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Identity and Selfhood: Paul Ricœur’s Contribution and Its Continuations

  • Claude RomanoEmail author
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Part of the Contributions to Hermeneutics book series (CONT HERMEN, volume 2)

Abstract

The main contribution of Ricœur’s work Oneself as Another to current debates on personal identity and the self is the elaboration of a new concept of selfhood that includes some features of Heidegger’s Selbstheit, but is utterly different from the classic starting point of egologies from Descartes onward, namely, the “I” or the “Self”. In the Heideggerian sense, selfhood is no longer a kind of entity, distinct from the human being or the embodied individual, or a name for the very continuity of consciousness, as it happens in Locke, but a mode of being (Weise zu sein) of Dasein. But in contrast with Heidegger, selfhood is also, according to Ricœur, a type of identity, since the whole conceptuality of Oneself as Another rests on a distinction between idem-identity and ipse-identity – only the latter being synonymous with selfhood. This article seeks to understand and to challenge the connection drawn by Ricœur between the problem of selfhood and the problem of identity to oneself, suggesting that the former notion cannot really be understood as a sort of identity.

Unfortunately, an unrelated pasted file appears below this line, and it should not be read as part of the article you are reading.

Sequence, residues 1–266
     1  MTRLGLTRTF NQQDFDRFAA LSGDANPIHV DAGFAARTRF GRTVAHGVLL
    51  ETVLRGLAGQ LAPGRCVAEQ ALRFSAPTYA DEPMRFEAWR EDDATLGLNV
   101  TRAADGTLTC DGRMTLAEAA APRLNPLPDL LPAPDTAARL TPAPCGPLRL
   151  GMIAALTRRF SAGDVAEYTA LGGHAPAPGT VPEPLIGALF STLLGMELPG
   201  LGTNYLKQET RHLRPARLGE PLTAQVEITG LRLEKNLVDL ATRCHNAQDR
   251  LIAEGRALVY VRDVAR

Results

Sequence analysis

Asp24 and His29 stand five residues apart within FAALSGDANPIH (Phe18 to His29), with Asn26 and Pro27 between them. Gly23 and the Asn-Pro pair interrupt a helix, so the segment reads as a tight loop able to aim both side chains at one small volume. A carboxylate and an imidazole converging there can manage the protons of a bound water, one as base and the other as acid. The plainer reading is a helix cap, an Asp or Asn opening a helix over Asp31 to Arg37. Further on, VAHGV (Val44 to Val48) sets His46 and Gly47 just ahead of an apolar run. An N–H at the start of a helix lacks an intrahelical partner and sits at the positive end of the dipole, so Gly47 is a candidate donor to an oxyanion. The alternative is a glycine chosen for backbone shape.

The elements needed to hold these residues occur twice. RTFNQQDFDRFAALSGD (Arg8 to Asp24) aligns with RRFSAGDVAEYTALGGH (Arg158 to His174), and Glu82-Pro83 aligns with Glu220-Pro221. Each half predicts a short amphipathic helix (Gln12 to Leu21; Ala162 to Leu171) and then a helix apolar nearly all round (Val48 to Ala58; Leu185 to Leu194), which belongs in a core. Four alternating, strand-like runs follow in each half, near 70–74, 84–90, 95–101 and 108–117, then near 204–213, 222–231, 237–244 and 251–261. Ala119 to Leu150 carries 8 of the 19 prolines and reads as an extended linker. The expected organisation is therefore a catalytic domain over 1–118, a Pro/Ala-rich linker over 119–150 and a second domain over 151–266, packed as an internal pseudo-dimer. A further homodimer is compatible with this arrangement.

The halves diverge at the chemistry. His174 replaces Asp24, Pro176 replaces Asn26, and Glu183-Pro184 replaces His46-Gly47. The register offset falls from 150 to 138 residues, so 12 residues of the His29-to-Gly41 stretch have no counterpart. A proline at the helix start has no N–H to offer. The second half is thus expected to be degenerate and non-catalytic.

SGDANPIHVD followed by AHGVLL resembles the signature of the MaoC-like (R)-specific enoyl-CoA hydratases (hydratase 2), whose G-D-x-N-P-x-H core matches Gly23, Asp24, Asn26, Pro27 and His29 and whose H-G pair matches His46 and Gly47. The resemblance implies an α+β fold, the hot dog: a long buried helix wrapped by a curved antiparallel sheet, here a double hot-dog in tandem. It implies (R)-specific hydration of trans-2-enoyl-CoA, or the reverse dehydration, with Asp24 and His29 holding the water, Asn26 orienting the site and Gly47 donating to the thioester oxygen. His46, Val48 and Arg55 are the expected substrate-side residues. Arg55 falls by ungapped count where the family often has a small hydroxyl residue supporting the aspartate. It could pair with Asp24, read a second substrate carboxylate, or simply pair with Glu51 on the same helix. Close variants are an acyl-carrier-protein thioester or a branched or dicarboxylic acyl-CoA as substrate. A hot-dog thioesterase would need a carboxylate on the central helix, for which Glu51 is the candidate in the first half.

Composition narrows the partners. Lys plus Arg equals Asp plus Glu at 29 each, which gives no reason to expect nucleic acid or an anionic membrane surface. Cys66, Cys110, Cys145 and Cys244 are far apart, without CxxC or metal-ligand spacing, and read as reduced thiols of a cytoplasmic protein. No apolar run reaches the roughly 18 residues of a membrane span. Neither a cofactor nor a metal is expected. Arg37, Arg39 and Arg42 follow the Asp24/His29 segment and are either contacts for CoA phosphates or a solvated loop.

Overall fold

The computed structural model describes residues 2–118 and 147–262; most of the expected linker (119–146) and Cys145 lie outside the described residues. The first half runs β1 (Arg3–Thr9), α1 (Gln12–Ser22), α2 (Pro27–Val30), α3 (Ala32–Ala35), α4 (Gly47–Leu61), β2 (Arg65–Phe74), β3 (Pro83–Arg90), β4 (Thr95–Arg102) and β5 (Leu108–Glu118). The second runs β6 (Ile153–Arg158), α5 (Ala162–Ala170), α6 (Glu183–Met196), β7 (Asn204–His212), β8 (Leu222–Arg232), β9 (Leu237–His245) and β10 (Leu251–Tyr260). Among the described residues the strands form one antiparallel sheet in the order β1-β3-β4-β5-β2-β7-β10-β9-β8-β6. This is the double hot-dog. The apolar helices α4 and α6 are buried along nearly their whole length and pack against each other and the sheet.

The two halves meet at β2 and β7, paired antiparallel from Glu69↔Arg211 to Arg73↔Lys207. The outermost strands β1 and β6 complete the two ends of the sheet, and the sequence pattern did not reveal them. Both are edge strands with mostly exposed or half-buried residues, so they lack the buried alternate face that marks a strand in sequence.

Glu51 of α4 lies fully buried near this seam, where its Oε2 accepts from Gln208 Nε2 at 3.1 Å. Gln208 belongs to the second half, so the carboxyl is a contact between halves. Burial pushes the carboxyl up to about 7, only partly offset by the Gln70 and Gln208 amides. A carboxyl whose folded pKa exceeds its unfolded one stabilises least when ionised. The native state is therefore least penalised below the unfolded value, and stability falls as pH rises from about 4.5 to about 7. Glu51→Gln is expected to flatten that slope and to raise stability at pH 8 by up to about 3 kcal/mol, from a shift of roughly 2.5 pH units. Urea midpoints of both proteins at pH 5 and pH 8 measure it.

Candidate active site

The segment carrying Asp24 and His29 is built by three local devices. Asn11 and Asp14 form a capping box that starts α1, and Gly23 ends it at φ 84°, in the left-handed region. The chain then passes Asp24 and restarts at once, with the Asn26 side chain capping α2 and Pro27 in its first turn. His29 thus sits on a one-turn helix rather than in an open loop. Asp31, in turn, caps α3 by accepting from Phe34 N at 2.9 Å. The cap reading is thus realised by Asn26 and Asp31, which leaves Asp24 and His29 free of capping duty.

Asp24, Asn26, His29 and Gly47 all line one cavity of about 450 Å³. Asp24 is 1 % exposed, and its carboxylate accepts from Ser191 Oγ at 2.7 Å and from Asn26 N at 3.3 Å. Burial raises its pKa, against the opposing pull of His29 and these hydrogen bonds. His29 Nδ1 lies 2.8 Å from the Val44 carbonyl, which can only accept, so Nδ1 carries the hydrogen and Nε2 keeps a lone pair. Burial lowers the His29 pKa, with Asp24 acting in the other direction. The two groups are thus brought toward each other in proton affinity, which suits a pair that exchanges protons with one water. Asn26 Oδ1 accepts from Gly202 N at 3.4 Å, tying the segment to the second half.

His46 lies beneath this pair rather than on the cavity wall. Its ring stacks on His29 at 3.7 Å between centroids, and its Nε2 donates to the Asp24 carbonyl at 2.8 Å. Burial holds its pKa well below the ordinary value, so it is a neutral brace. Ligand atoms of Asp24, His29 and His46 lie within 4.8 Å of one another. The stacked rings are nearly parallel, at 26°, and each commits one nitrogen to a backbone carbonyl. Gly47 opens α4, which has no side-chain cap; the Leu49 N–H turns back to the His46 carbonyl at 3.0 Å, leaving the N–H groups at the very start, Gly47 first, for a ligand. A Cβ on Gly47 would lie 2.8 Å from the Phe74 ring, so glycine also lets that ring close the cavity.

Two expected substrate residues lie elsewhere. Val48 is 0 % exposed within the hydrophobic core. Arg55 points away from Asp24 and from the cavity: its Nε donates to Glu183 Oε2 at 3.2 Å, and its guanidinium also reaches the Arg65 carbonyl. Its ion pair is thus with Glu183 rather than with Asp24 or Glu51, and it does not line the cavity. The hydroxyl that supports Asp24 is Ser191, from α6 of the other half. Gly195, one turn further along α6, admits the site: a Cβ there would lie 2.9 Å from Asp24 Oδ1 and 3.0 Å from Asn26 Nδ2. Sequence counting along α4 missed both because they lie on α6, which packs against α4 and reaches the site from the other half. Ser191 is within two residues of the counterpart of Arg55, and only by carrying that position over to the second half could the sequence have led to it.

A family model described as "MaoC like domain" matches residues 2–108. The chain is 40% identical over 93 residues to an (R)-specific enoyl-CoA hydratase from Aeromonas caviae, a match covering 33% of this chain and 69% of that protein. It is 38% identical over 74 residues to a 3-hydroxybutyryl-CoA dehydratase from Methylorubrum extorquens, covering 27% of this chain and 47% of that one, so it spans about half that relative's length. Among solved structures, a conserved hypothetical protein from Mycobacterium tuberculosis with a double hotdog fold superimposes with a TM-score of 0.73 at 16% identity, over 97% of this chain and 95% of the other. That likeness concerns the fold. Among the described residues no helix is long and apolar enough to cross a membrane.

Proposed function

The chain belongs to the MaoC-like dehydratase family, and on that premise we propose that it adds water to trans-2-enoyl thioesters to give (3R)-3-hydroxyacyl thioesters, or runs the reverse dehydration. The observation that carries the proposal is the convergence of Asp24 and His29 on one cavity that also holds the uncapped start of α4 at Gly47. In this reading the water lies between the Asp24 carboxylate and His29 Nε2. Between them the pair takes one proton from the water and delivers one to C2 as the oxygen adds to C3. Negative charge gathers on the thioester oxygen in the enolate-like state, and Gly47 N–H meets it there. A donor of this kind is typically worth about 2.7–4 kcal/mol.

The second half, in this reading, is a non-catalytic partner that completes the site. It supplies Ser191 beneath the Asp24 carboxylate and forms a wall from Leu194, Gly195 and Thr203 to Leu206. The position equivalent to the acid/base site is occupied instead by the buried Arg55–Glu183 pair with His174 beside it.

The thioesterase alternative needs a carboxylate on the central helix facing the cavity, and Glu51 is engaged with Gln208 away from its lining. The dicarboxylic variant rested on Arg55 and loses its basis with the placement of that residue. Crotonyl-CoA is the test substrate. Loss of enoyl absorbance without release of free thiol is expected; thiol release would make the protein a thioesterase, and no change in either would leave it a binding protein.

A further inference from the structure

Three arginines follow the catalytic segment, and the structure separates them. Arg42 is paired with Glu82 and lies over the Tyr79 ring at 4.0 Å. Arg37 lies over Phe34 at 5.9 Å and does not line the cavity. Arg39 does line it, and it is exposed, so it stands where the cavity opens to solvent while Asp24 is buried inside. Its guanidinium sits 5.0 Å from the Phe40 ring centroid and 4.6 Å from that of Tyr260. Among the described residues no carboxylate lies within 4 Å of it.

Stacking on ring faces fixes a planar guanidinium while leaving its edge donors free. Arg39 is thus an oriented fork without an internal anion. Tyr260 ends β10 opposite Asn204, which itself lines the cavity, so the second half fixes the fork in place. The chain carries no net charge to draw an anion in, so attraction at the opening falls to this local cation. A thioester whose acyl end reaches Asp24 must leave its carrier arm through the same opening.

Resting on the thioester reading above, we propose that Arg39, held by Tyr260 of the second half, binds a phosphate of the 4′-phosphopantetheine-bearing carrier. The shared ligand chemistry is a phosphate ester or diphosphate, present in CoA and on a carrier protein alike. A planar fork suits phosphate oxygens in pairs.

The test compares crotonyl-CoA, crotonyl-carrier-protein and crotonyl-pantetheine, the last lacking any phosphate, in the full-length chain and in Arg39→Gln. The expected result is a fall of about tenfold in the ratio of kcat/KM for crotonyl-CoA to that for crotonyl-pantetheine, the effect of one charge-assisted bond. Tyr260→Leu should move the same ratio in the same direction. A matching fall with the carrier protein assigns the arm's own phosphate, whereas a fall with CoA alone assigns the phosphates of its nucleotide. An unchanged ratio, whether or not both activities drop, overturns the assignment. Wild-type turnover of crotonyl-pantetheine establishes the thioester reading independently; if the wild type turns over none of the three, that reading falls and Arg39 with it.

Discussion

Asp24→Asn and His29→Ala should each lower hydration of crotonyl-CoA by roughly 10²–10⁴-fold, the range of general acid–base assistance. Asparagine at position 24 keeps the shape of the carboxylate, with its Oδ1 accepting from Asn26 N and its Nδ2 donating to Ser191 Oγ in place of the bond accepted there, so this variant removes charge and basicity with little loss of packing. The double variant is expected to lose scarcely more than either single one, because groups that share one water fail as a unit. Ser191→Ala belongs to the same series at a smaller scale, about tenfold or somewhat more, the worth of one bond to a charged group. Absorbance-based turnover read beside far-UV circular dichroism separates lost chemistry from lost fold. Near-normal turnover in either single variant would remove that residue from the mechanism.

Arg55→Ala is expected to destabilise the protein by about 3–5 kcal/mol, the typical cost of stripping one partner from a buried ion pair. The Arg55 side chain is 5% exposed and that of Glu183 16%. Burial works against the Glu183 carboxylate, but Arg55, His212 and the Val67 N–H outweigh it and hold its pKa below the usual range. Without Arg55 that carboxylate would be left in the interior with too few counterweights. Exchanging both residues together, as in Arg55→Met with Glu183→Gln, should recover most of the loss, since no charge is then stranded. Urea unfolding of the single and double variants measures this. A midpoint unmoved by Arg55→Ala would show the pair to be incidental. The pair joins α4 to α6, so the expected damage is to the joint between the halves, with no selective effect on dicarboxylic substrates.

Keywords

Identity Selfhood Self Attestation Responsibility 

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Copyright information

© Springer International Publishing Switzerland 2016

Authors and Affiliations

  1. 1.University of Paris-SorbonneParisFrance
  2. 2.Australian Catholic UniversitySydneyAustralia

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